Dispatchable power plants are those that can change how much power they provide to the energy grid quickly. They can be switched on and off, or ramped up and down to meet power demand.
Depending on how much energy is needed during the day, power plants have to adjust how much energy they put out.
Gas turbines are the most flexible, though modern coal plants also ramp up and down well. Older coal plants prefer to be switched on and left running near full capacity, as do nuclear plants. Like gas turbines, generators running on biomass are generally quickly dispatchable, but they are the only type of new renewable source that can be considered dispatchable in Germany.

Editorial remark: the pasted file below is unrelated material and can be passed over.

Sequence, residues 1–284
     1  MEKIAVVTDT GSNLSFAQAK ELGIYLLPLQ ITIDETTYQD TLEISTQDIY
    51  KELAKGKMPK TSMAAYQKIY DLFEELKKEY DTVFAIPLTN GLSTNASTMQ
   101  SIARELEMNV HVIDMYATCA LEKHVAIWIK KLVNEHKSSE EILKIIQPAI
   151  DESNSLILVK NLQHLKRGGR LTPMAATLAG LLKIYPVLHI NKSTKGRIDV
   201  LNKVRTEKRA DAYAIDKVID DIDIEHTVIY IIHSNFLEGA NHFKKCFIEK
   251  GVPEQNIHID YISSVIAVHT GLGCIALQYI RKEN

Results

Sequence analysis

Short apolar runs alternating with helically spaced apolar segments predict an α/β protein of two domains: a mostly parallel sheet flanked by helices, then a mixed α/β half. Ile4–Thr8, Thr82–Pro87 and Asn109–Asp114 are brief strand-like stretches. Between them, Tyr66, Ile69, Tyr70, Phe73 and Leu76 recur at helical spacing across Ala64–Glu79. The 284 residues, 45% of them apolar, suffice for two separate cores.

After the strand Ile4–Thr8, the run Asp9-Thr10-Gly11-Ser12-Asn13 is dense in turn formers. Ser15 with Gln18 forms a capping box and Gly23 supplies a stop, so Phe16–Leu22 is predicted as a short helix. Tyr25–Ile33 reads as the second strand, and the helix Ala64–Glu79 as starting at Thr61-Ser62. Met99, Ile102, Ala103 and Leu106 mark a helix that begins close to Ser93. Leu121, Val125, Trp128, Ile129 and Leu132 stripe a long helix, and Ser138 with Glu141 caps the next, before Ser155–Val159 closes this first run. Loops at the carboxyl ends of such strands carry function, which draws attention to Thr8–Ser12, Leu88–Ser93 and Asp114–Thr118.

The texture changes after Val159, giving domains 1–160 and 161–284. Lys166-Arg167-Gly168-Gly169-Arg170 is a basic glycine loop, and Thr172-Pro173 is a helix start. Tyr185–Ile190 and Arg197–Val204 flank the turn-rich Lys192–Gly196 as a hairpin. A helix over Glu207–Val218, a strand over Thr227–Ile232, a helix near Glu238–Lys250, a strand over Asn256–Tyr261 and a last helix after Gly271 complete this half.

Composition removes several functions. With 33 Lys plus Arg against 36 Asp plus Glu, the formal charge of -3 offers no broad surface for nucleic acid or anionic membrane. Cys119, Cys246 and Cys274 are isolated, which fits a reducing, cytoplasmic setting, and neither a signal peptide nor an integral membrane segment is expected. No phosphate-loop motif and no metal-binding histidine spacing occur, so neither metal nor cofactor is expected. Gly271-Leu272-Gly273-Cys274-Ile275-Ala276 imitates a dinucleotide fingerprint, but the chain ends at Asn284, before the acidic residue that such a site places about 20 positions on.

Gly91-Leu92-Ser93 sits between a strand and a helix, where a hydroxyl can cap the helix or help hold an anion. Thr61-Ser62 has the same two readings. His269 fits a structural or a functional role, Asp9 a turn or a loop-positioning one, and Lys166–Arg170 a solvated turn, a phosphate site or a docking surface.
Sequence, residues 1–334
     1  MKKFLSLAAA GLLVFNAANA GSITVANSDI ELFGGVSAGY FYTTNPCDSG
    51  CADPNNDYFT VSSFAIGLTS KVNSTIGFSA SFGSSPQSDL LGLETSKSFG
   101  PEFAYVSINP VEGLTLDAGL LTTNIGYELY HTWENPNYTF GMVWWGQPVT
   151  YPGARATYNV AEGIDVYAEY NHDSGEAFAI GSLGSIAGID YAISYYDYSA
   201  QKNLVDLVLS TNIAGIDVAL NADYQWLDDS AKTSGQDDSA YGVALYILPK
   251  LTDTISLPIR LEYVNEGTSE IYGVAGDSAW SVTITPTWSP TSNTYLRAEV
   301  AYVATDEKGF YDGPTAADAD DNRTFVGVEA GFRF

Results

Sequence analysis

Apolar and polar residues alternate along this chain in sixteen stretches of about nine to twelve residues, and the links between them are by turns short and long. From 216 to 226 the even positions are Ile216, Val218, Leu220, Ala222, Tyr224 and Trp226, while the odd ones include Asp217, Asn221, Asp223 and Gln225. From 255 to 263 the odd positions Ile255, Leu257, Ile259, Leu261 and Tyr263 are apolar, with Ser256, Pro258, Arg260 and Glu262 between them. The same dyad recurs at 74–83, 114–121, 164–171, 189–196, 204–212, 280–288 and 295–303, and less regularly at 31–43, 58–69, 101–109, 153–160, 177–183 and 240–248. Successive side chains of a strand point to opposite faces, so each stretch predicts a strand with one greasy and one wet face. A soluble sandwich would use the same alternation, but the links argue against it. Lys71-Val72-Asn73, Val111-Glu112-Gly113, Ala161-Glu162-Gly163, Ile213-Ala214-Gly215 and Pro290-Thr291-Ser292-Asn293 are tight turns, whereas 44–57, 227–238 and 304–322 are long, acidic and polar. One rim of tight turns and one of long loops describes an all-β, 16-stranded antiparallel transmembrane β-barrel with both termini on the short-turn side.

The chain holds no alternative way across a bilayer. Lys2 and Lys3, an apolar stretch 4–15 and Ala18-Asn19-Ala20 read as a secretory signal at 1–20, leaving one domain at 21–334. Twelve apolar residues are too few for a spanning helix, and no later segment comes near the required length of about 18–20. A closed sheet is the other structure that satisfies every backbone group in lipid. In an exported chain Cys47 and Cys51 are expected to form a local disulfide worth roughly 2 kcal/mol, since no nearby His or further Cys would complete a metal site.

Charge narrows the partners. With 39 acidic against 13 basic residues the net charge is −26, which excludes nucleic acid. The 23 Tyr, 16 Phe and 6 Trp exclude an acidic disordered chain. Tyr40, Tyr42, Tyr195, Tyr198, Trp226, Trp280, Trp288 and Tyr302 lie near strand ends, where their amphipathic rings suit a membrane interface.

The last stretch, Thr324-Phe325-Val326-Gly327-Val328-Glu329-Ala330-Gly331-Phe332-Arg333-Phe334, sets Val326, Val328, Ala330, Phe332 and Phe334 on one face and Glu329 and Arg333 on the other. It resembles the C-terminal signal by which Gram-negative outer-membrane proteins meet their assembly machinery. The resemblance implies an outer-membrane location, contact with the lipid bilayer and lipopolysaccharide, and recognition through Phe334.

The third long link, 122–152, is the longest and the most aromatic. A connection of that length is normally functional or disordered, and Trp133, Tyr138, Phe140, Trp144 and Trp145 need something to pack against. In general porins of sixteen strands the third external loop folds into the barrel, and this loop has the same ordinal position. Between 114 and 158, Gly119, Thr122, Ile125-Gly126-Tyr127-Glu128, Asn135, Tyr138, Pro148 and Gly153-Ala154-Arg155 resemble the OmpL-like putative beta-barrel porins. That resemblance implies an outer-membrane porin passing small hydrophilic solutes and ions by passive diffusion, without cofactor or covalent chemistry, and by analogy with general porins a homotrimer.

Wind and solar are considered “intermittent,” meaning that they do not produce power all the time, though power production can be reliably predicted at least a day ahead. Most importantly, wind turbines and photovoltaics cannot be “dispatched,” i.e.switched on and off. Aside from hydropower, the only other renewable sources of electricity that are dispatchable are geothermal and concentrating solar power, which Germany does not have in large quantities.